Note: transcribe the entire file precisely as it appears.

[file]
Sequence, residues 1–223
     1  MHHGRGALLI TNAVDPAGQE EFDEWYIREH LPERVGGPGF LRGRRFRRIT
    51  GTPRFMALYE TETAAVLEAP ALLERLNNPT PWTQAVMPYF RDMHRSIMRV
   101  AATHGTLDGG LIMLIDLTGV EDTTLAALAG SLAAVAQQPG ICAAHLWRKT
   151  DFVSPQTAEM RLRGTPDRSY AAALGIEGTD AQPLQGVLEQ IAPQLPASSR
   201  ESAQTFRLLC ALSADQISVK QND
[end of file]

Sequence, residues 1–223
     1  MHHGRGALLI TNAVDPAGQE EFDEWYIREH LPERVGGPGF LRGRRFRRIT
    51  GTPRFMALYE TETAAVLEAP ALLERLNNPT PWTQAVMPYF RDMHRSIMRV
   101  AATHGTLDGG LIMLIDLTGV EDTTLAALAG SLAAVAQQPG ICAAHLWRKT
   151  DFVSPQTAEM RLRGTPDRSY AAALGIEGTD AQPLQGVLEQ IAPQLPASSR
   201  ESAQTFRLLC ALSADQISVK QND